On appeal from the Superior Court of New Jersey, Law Division, Hudson County, Accusation Nos. 06-02-0207 and 06-01-0049.
NOT FOR PUBLICATION WITHOUT THE APPROVAL OF THE APPELLATE DIVISION
Before Judges Fisher and Baxter.
In this appeal, defendant seeks our reversal of the denial of his petition for post-conviction relief, claiming his attorney was ineffective in failing to advise him about the deportation consequences of a guilty plea. In light of the absence of any evidence that trial counsel was made aware that defendant was not a citizen -- in fact, defendant asserted under oath during his two plea hearings that he was a United States citizen -- we find no adequate evidence that counsel failed to meet the level of competency required by the Strickland/Fritz test.*fn1
The record reveals that defendant was charged in two accusations; the first charged defendant with third-degree distribution of a controlled dangerous substance (CDS) within 1000 feet of a school zone, N.J.S.A. 2C:35-7; the second charged defendant with third-degree conspiracy to distribute CDS, N.J.S.A. 2C:5-2 and N.J.S.A. 2C:35-5a(1), and a disorderly persons offense, N.J.S.A. 2C:33-2.1. Defendant pled guilty to these accusations on February 15 and March 31, 2006. These guilty pleas were entered as part of a plea bargain whereby the State agreed to a prison sentence of no more than three years on the conspiracy and distribution charges and no more than six months on the disorderly persons offense. The State and defendant also agreed that the terms would run concurrently and that defendant would be free to request a lower sentence or diversion to drug court.
Defendant was sentenced to a five-year special probationary term in drug court, N.J.S.A. 2C:35-14. Less than a year later, defendant was found to have violated the terms of probation and was sentenced to three-year concurrent prison terms on the two accusations. No direct appeal was filed.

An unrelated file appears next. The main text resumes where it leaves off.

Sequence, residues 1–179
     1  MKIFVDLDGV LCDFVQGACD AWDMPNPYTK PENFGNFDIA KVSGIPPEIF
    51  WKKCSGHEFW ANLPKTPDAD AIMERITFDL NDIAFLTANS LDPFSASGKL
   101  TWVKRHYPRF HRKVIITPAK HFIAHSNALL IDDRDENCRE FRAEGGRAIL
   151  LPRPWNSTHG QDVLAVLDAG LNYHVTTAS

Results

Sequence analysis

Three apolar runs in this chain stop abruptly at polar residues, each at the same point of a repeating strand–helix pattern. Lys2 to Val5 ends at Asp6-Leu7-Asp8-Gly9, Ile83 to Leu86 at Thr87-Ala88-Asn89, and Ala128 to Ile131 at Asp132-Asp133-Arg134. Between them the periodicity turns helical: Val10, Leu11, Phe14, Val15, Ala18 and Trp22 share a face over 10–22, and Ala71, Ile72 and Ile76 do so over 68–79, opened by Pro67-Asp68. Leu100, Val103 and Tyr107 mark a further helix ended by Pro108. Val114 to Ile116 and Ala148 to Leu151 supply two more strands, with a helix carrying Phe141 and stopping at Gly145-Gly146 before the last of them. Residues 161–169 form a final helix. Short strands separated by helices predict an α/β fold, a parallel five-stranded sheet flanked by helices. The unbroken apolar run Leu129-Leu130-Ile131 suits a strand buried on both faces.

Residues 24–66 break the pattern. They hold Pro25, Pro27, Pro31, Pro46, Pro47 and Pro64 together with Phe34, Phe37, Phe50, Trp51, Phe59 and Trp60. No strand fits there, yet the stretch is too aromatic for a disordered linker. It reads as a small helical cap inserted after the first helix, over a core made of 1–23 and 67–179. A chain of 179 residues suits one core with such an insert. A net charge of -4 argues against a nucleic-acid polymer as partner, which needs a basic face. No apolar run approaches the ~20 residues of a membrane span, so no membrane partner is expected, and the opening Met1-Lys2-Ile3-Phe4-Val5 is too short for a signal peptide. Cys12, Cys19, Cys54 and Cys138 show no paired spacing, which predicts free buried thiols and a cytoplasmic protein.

On June 25, 2007, defendant filed a pro se petition for post-conviction relief; counsel was assigned and filed a supplemental brief. Defendant argued in the trial court that he was not a citizen and that his trial counsel failed to discuss with him the impact his conviction could have on his status as a resident. The petition was denied without an evidentiary hearing.
Defendant appealed the denial of his petition for post-conviction relief, making the following single argument:
THE COURT ABUSED ITS DISCRETION AND ERRED IN FAILING TO GRANT AN EVIDENTIARY HEARING TO DEFENDANT TO ESTABLISH HE WAS DENIED THE EFFECTIVE ASSISTANCE OF COUNSEL CONSTITUTIONALLY GUARANTEED TO HIM AT TRIAL, BY THE U.S. CONST., AMENDS. VI, XIV; N.J. CONST. ART. I, PAR. 10.
We find no merit in this argument and affirm.
Prior to entering into his guilty pleas, defendant executed a plea form, which posed the following question: "Do you understand that if you are not a United States citizen or national, you may be deported by virtue of your plea of guilty?"
Defendant answered "N/A," thus suggesting to the court he was a United States citizen. At the plea hearings on the two accusations that occurred on February 15, and March 31, 2006, defendant stated under oath, in response to the trial judge's questions, that he was a United States citizen.
In seeking post-conviction relief, defendant did not present a sworn statement discussing whether or to what extent he discussed his immigration status with his trial counsel. In the supplemental brief filed by assigned counsel, it is argued that the plea form, as answered by defendant, demonstrated that defendant and his attorney "had no discussion of the topic" of immigration, and that defendant was thereby reasonably led to believe the conviction would have no impact on his legal permanent residency. In addition, ...